As far as this DVD release it is excellent, great picture and audio.The extras are fairly intresting, the commentery track by Cosmatos is ok.
I say saddle this one up and enjoy.
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on January 12, 2003
I won't wax eloquent about the film itself. Suffice it to say that I enjoyed this movie enough to purchase it's first release on widescreen DVD in 1996, and was very much looking forward to this new Vista Series release. I suppose the commentary and documentary could justify the additional expense I put out for the Vista Series, but I am going to take this opportunity to elucidate some negative aspects of the new release. Since this new transfer is THX certified, I was expecting a very pristine presentation compared to the 1996 DVD release. My main complaint of the new transfer is that it's black level is set waaay too low. You will find yourself cranking up the brightness to see any shadow detail at all, and even then you can't dial it in just right. On the positive side, the color is much, much nicer on the new transfer, and the sharpness is a tad more detailed also. Just a few comments now on some of the "extras". The extra 4 minutes of added footage does nicely fill some gaps in the original version, and certainly does not ruin the experience, as one very opinionated viewer noted below. The commentary by George Cosmatos is entertaining and quite informative, even more so than the three-part "Making of" documentary. The "Tombstone Epitaph" looked very nice, until I actually tried to read it. One reviewer noted that the print was too small to see. I suppose that determination hinges on the size of one's screen and the quality of one's eyesight. All I can add to his comment is that on my 32" monitor the Epitaph print was clearly legible, albeit small. But my one reservation about the Epitaph hinges about how one must navigate to read the print. Imagine that a big picture was taken of the paper, and your screen zooms in on just a portion of it. To navigate up, down, left and right to see the whole thing, you use the arrow keys on the remote. Problem is, some of the columns in the newspaper are divided down the middle by the edge of the screen. So, you can read the left half of each column, or the right half. But to read each line you must constantly be pushing the arrow keys left, right, left, right endlessly. Ridiculous, and I gave up. They should have made one column of the paper fill up one screen's width. Also included as an extra is a map of the beginning of the gunfight at the O.K. corral as penned by Wyatt Earp in 1919. This is printed on very nice looking paper, but all of the small handwriting is illegible as presented. Nice thought, though. It is hard to believe that a Director's Cut Special Edition of a film does not include any cast bio's or filmographies. Sad. Finally, the new packaging is quite slick looking, with both the cover art and internal art having a very nice rustic look to it. Quite classy. The only reservation I have is of the durability of the package. I have not experienced good longevity of this type of packaging, with the plastic DVD trays hot-glued to a paper or plastic backing. They always seem to come unglued eventually with heavy use. Just thought I would cut through the hype and offer some meat-and-potatoes info on this new Vista release.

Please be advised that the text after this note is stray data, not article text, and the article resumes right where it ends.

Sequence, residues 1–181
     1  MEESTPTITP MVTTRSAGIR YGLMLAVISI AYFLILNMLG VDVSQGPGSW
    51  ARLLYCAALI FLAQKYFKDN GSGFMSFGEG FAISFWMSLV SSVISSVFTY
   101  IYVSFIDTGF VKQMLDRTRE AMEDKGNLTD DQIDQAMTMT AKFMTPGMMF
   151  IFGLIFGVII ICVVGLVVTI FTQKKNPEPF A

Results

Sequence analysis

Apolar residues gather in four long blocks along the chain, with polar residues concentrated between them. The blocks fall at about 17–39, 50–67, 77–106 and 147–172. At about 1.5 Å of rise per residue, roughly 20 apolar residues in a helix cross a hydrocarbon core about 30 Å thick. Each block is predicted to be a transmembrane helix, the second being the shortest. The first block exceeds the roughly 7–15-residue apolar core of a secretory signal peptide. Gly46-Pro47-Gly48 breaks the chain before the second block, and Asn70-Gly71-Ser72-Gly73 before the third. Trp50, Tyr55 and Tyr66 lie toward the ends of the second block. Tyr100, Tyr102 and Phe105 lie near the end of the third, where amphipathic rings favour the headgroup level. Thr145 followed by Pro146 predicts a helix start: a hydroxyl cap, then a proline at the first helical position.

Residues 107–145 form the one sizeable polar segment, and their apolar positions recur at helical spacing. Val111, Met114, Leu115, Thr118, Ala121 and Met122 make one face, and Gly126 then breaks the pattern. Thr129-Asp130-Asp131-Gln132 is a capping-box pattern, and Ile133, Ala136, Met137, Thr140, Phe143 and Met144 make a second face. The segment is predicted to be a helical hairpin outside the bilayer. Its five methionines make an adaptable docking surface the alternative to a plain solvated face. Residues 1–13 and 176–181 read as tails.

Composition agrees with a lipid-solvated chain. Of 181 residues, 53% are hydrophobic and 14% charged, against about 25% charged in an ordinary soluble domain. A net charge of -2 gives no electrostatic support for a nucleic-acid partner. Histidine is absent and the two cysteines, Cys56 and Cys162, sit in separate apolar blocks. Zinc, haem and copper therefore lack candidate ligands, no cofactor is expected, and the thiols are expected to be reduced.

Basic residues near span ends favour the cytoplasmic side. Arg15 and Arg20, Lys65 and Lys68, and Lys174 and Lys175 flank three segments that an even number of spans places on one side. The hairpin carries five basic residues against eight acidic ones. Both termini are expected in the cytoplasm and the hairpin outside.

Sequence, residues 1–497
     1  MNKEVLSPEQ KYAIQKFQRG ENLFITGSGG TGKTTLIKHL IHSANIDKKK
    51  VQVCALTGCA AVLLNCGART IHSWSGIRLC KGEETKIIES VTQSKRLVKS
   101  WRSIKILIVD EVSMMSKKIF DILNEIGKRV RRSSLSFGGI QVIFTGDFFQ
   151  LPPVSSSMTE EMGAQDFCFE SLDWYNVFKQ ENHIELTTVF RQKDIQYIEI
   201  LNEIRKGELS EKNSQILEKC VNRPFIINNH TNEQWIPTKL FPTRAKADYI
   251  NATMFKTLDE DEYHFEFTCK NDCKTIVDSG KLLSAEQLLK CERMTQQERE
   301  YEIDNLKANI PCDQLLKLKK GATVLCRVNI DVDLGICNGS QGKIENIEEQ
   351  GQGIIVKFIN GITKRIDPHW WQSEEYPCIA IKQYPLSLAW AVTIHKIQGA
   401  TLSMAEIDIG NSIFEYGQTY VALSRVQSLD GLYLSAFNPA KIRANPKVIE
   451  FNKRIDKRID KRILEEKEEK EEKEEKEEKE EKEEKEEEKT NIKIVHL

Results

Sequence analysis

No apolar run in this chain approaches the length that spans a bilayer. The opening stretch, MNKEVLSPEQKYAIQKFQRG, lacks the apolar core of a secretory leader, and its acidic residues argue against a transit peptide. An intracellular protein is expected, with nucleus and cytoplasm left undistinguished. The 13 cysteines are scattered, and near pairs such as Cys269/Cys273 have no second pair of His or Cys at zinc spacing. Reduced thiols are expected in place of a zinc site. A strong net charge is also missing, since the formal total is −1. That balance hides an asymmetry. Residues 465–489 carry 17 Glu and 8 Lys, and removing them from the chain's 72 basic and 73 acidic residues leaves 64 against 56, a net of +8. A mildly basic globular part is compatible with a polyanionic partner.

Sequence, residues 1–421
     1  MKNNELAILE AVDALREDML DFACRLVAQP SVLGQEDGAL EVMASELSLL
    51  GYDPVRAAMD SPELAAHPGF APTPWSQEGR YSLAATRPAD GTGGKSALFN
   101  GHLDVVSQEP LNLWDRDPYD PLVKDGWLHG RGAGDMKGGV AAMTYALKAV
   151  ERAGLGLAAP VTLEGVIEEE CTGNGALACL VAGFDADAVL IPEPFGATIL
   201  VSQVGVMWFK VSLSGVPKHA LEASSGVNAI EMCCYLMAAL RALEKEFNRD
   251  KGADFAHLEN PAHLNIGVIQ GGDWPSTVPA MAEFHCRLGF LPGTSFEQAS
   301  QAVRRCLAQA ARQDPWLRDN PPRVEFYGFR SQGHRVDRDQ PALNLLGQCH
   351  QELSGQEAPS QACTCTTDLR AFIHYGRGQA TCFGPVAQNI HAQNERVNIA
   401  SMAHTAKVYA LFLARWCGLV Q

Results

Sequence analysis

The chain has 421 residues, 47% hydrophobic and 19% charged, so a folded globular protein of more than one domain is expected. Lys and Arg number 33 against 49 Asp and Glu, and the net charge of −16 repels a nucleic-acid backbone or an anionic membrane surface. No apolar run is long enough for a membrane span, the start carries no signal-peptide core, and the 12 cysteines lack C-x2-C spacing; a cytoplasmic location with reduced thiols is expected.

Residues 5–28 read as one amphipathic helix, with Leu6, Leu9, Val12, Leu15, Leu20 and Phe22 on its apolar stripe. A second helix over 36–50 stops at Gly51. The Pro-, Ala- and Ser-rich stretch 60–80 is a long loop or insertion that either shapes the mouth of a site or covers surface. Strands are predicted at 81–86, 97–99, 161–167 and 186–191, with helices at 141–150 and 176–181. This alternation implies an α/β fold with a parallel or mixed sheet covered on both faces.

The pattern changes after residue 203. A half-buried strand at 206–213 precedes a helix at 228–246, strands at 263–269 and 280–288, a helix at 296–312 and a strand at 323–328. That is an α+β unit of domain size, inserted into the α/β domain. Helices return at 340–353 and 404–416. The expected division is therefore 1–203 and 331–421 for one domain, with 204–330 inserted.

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on April 10, 2011
The best western since Sergio Leone's Once upon a time in the west, The good the bad and the ugly, and For a few dollars more. The story talking about the legendary Wyatt Earp and his 2 brothers who are moving for their retirement in a new city. This movie is a all-star cast with Kurt Russell, Val Kilmer, Charlton Heston, Sam Elliott, Bill Paxton and many more. If you like action, Tombstone is the best western since decades.
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on November 21, 2007
TOMBSTONE, one of two epic westerns about Wyatt Earp released within a few months of each other (1993-94) lacks the lyrical, 'warts-and-all' quality of Kevin Costner's WYATT EARP, but is a more successful film, with tighter pacing, more clearly drawn characters, and a reverence to the genre that has made it the most popular Western of the last twenty years.